Last summer, I started a princess party company. It was fun and picking up steam fast, but in February, I was going through so many other things (and had a full time job), so I gave the company to my business partner. It was definitely the right call to let it go (HAH), but lately, I have been missing just glitzing up and going out.
So I decided to pick up a new Elsa costume and go busking. Because why not? I get a performing fix, kids get to see their favorite character, and hey, I can pay for more costumes this way. (Working on a 7 of 9 get up for September!)
Busking is quite a bit different than going to a planned, structured children’s party, though. Here’s a few lessons I’ve learned.
1. People are, in fact, usually good.
I was surprised by who would approach me in costume. Some kids, some adults, some randos who didn’t want a photo. Mostly older people who seemed to just appreciate I was something beautiful.
2. Having an established character simplifies a lot.
Most people aren’t trying to figure me and my shtick out. I’m a somewhat known quantity which makes me safer to approach for most people.
3. It’s as good for me as it is for them.
Walking up to the corner I’d chosen, I felt a few nerves, but the big, goofy smile on my face was genuine. Standing up there greeting strangers, I was vulnerable. I could be rejected. I was rejected often. Because I was – I am – out of the ordinary, I make people uncomfortable.
4. So many connections = so much exhaustion.
Even as an extrovert in flats, experiencing so many moments of connection so rapidly was surprisingly exhausting. 70 minutes of busking on a Tuesday evening and $40 later (Woo! My costume will pay for itself in no time!), I was having trouble balancing on my box. Just a smile, wave, and “Good evening!” performed 100 times is an experiment in energy management.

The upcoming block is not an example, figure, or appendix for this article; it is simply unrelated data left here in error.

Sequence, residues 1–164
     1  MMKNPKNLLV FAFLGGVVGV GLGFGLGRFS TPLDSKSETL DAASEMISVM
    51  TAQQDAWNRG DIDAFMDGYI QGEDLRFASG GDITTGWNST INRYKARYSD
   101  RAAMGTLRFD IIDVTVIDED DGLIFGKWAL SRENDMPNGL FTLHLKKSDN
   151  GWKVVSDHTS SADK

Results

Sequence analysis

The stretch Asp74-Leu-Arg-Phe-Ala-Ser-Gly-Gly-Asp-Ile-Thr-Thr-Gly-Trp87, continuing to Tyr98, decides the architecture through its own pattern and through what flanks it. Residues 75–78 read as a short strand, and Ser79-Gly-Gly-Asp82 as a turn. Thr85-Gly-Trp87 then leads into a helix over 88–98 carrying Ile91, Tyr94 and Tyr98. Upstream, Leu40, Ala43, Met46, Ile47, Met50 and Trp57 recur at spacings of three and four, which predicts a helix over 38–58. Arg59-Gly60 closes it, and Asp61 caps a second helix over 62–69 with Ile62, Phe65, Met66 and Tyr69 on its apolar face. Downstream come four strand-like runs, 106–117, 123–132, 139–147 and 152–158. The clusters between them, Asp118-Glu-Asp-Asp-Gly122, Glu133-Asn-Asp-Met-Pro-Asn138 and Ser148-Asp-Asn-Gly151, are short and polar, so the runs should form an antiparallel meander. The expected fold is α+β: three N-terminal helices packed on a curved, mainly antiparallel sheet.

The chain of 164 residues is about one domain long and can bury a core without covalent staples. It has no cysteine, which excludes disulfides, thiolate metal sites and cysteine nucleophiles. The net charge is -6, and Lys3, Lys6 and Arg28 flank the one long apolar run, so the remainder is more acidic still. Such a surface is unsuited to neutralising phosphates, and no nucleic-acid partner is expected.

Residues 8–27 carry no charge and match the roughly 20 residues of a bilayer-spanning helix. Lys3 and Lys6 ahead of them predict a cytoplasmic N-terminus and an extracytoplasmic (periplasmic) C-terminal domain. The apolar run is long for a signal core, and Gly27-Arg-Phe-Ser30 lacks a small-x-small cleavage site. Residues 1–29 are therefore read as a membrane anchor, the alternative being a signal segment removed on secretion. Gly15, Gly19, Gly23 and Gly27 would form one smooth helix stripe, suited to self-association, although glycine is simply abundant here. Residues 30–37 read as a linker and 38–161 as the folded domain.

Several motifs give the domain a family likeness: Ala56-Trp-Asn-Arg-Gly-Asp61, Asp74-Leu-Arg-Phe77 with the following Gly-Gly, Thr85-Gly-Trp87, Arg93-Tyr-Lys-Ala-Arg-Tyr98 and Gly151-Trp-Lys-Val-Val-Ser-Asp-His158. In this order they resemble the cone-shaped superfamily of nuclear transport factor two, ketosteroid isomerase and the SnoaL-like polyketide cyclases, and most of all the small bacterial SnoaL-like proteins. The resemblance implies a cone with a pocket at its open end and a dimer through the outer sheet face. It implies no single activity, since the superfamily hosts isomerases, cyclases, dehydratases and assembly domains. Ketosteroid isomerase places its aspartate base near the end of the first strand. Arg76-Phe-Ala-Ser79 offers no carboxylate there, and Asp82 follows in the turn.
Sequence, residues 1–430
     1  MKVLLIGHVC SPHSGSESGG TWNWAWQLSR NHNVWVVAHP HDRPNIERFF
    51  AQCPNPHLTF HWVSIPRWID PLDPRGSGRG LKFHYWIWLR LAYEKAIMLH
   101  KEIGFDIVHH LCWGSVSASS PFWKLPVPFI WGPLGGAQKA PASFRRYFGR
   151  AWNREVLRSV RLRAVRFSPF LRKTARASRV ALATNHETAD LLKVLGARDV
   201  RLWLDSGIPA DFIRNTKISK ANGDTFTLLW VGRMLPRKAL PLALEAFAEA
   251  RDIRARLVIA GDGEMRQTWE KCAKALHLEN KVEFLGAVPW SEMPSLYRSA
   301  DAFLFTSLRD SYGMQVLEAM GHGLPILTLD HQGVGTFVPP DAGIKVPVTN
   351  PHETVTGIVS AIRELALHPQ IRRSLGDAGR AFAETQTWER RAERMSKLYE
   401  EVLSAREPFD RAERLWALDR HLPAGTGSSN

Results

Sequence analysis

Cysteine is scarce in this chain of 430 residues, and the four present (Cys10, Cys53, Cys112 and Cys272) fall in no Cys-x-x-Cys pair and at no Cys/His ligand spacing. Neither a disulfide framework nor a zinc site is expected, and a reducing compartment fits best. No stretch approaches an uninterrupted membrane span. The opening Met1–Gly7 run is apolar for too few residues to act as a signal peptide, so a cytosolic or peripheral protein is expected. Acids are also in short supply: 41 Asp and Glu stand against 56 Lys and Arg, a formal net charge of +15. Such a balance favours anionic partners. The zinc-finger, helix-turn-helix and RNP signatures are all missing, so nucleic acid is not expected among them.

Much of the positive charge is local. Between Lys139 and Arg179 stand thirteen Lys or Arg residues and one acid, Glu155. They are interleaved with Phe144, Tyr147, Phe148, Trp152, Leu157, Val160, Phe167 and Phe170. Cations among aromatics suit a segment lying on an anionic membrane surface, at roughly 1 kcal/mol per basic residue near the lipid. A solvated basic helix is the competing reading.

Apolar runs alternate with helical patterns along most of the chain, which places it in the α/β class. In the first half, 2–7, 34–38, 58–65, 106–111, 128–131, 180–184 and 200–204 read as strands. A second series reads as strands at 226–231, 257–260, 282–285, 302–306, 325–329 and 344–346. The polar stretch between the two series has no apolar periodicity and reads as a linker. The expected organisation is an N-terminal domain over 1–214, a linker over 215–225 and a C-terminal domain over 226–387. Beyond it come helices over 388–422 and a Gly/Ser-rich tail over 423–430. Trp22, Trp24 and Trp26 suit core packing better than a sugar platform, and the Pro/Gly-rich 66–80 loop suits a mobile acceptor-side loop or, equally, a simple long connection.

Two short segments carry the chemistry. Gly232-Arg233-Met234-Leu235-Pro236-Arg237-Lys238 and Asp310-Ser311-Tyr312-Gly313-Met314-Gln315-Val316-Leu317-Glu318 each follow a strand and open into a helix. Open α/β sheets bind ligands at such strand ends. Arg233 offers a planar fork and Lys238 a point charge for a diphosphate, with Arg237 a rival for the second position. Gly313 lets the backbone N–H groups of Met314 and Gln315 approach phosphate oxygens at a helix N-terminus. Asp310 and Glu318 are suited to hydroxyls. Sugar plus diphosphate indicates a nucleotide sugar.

5. Eat/drink right before you go.
This should have gone without saying, considering how many children’s parties I’ve done. During my princess party days, I might as well have been carrying around a “Powered by Starbucks” sign with as many Frappuccinos as I chugged to stay continually Disney-levels of perky.
6. A fork will pull money out of that vase you thought was such a good idea.
7. By simply being, I am a challenge.
There were quite a few people who looked openly disturbed when I attempted to engage them. I’d make eye contact, smile, and bow to them, and they’d quickly look away and walk faster. My demeanor scared them. My openness challenged them to interact with me, to remove themselves from their reality for a moment to be fully present. If you’re not used to that, it can be a terrifying prospect.
8. I need more of a challenge.
I didn’t expect the whole experience of busking to be so… easy. Don’t get me wrong. Boldness is a second language for me, but the idea of jut standing on a corner and drawing the attention of hundreds of strangers? Even I balk at that. That said, I’ve spent a lot of time as Elsa, and it felt remarkably comfortable. I want more of an opportunity for vulnerability than that.
Who knows what character I’ll play next?
P.S. I made this video for a friend’s kiddo. If you’d like one, drop me a line. I love this shit.